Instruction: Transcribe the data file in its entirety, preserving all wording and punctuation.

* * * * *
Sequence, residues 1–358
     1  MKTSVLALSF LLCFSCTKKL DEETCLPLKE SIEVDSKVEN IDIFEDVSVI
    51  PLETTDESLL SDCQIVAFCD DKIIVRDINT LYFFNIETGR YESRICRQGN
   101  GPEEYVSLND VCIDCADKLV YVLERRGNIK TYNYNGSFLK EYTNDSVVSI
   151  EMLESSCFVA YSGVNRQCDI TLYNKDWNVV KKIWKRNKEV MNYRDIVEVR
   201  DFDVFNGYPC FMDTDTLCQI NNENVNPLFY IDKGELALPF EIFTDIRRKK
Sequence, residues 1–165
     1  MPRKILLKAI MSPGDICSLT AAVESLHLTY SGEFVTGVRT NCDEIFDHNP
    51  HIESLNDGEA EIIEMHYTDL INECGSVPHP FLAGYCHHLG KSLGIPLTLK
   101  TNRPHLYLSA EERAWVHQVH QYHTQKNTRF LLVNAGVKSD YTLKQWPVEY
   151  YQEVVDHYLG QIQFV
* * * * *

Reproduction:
Sequence, residues 1–358
     1  MKTSVLALSF LLCFSCTKKL DEETCLPLKE SIEVDSKVEN IDIFEDVSVI
    51  PLETTDESLL SDCQIVAFCD DKIIVRDINT LYFFNIETGR YESRICRQGN
   101  GPEEYVSLND VCIDCADKLV YVLERRGNIK TYNYNGSFLK EYTNDSVVSI
   151  EMLESSCFVA YSGVNRQCDI TLYNKDWNVV KKIWKRNKEV MNYRDIVEVR
   201  DFDVFNGYPC FMDTDTLCQI NNENVNPLFY IDKGELALPF EIFTDIRRKK
Sequence, residues 1–165
     1  MPRKILLKAI MSPGDICSLT AAVESLHLTY SGEFVTGVRT NCDEIFDHNP
    51  HIESLNDGEA EIIEMHYTDL INECGSVPHP FLAGYCHHLG KSLGIPLTLK
   101  TNRPHLYLSA EERAWVHQVH QYHTQKNTRF LLVNAGVKSD YTLKQWPVEY
   151  YQEVVDHYLG QIQFV